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At the beginning of my exchange, I did not know how the classes in general worked. I came from a different teaching method (case method) and at the start of the Mod 1 I felt a little bit confused. Later I learned that every class provides a syllabus which mentions the activities, topics and due dates for class. Also, I did not know clearly how to use Blackboard (the online portal for classes), so I needed to ask for help. One international student (from India) was really polite and helped me with that issue.
In general, the first two weeks I felt disconnected and had a lot of doubts. The problem that I faced in the 1st Module was that my friends (the other international exchange students) were taking different classes than me and I felt like a “kiddo in his first day of elementary classes”. After that stage, I learned the way of studying at Owen, the teaching method of the different Professors, the behavior of domestic and international students, etc., and I started to feel more comfortable. In my personal view, the Assistance Director’s guidance was really helpful for me. She was always available for us and always really really polite. Once she helped me with a non-academic topic, so I really appreciated it.
Owen recently expanded its space with an addition in the Center Building. This area is open 24/7 and accessible only via our Owen keycard. We’ve compiled a few things you should know about our new space in this building…
5 Things You Should Know about the Center Building:
1) New features installed in meeting rooms
The Center Building features 3 spacious meeting rooms newly equipped with white boards and large flat-screen TVs for group work. The rooms can each comfortably seat 6 people and are currently available to reserve using the “Reserve a Room” system on Blackboard.
2) Convenient on-site printing
A high speed printer has recently been installed between meeting rooms 2 and 3 to accommodate on-site printing needs. The Center Building printer can be added to your computer through print.owen.vanderbilt.edu. Please check in with the IT support group located on the first floor of the Walker Library if you need any assistance.
B-school isn’t all about the classes (shocking, I know). You’ll get some great experiences from the extracurricular activities that you join as well. Some of the clubs will help you along in your career or give you leadership skills that will be handy later. Some however, will introduce you to new experiences that you may not have otherwise gotten to take part in.
Cork & Barrel is an Owen club that introduces students and Sig-Os (significant others) to the fun and interesting world of wine, beer, and spirits. We’ve had multiple whiskey tasting classes, trips to nearby breweries and wineries, and C&B recently hosted its second Wine 101 class.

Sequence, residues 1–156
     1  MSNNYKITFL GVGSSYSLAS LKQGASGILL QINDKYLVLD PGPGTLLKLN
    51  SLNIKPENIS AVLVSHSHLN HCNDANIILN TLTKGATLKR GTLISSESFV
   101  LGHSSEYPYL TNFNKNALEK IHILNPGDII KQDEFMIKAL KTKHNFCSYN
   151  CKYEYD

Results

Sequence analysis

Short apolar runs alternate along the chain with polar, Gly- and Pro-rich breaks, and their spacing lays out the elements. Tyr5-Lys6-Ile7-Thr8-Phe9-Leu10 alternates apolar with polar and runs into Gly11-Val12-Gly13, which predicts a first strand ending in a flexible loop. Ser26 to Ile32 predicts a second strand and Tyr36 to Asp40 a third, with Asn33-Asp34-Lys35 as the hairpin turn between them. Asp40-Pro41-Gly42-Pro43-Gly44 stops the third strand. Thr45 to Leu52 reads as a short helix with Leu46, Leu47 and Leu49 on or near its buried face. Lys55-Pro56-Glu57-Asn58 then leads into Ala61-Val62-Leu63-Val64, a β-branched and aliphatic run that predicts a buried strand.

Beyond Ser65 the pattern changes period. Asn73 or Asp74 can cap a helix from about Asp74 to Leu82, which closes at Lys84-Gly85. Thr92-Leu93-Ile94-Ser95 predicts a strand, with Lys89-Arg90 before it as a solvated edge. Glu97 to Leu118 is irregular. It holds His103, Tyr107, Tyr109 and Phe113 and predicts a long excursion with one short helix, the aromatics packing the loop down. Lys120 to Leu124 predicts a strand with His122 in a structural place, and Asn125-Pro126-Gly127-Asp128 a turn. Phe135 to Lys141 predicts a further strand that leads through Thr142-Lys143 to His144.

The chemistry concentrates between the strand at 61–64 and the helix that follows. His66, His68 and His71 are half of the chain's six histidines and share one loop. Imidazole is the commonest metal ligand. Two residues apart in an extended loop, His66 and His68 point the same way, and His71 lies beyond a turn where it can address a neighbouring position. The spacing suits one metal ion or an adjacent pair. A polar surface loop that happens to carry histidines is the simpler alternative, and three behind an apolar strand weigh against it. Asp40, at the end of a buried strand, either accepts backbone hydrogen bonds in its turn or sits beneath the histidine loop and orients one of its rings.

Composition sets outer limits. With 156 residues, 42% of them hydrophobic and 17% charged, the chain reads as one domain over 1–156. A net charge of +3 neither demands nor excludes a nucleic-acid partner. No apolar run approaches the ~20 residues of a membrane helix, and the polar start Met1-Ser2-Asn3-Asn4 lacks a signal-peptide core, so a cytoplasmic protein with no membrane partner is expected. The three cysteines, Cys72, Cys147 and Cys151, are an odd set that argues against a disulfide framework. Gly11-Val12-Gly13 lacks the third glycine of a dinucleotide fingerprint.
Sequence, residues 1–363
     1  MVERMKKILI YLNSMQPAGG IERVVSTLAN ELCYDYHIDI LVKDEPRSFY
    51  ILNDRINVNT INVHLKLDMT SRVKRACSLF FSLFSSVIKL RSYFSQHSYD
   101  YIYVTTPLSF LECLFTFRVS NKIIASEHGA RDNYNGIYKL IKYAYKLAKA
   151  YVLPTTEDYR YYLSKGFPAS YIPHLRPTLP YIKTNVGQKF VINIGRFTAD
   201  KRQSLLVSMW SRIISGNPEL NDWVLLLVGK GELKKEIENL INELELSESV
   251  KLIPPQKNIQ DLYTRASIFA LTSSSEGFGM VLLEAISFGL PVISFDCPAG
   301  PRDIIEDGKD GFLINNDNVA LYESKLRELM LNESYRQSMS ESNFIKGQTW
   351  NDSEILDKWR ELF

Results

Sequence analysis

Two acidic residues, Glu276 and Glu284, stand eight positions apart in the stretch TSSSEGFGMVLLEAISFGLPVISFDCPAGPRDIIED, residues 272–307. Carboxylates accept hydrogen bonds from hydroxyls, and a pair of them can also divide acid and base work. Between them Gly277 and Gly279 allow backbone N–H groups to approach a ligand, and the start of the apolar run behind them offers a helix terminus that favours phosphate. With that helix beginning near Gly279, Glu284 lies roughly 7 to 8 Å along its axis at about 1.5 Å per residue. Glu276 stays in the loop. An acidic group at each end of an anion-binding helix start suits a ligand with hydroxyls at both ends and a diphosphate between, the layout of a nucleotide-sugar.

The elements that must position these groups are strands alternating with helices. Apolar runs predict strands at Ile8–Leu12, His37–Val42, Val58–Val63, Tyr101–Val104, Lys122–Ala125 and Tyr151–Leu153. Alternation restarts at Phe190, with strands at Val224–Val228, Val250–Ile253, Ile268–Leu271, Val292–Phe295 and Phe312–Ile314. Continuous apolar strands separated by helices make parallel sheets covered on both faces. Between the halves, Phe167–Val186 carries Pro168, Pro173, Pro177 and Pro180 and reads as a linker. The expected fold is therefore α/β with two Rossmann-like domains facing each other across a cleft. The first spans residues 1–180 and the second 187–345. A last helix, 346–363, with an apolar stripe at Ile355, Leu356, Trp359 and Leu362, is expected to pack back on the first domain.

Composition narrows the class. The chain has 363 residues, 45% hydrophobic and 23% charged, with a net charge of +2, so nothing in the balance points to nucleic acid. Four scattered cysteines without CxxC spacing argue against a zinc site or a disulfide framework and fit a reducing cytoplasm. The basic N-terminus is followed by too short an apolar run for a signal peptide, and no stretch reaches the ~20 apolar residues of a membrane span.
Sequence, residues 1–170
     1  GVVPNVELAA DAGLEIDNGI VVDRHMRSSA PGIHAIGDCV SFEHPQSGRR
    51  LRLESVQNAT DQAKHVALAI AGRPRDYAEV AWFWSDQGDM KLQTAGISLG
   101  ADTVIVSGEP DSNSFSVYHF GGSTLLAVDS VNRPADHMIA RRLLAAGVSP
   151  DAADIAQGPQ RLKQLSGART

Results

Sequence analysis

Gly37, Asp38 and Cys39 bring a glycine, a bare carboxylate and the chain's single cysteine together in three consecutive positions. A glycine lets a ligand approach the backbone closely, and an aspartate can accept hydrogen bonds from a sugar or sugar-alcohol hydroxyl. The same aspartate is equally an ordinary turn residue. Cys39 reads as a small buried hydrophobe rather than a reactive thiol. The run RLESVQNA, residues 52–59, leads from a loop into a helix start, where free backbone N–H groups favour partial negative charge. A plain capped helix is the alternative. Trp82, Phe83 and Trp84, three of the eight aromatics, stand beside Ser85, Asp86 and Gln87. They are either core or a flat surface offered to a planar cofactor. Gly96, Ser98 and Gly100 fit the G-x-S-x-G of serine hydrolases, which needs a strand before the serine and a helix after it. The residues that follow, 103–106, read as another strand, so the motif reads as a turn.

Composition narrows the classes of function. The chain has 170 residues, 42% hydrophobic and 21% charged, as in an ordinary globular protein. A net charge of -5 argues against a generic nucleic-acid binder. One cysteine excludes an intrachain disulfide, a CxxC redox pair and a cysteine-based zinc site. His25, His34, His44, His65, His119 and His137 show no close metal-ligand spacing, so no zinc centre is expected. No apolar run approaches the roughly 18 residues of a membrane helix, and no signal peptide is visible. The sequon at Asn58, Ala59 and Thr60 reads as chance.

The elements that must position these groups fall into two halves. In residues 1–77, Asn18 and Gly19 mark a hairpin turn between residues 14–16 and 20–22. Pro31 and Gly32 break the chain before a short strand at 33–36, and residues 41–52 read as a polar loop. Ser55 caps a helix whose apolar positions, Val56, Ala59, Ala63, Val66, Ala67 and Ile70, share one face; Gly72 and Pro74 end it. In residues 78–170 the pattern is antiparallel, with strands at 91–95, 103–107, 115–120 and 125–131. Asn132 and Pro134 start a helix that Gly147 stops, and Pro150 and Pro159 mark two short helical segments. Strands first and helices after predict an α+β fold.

We munched on fruit and cheese as Paul Grand, the Director of Education for Lipman Brothers (Tennessee’s oldest Wine and Spirit Wholesaler), walked us through tastings of Sauvignon Blanc, Chardonnay, Riesling, Pinot Grigio, Pinot Noir, Merlot, Cabernet Sauvignon, and Malbec. Paul taught us about how wine is made and the terminology used to speak about wine knowledgably. So even though most of us still have no clue, we can sound like we know what we’re talking about (you gotta fake it until you make it, right?).
It is a common trope here at business school that grades don’t matter.
Judging from the amount of hours that most students put in at the library, one might assume that this maxim is some sort of game theory-driven bluff to fool the meek and gullible away from the battlefield. For those of us who have spent a lifetime in a system that rewards only grades as a gauge of learning, in some cases fostering the perverse incentive to take easier and less challenging courses, it can be hard to break old habits.
But in business school, grades should not drive your course selection. Don’t opt out of Corporate Valuation or Derivatives if you’re concerned it will hurt your GPA, even if you consider yourself more of a “soft skills” person. This is your chance to learn this material from industry experts. For most of us, business school is an educational safety net in addition to a career reset button. It serves as a last chance to learn dense academic material in a “safe” setting. After this, almost all of our learning is “on the job,” meaning the ramifications of mistakes are a lot more dire than a poor grade.
that Mod 2 is done… it’s time for grades. Who cares… this is grad school,
right? I thought that grades weren’t supposed to matter. (somewhere in New
Hampshire my parents are crying) Yet every time grades are issued, the same questions
pop up, the same issues are raised, and the same complaints are aired.
had professors comment on the fixation that our class (2010) has on our grades.
Not so much that we “Grade Grub”, but that we generally worry about our scores
too much, as though we were undergrads. Some have asked “Why do we care?” … “Most
of the companies do not use it as a measure of employability.”
This question has been posed by most
of my professors… and of course when this conversation starts, someone always
chimes in “If grades don’t matter, then I’ll take an SP, thank you.” (I try to
be first, just in case they say yes… SP is the Owen version of a 4.0 / A ) It IS
true that most disciplines don’t ask to see a GPA. (Finance is the exception.)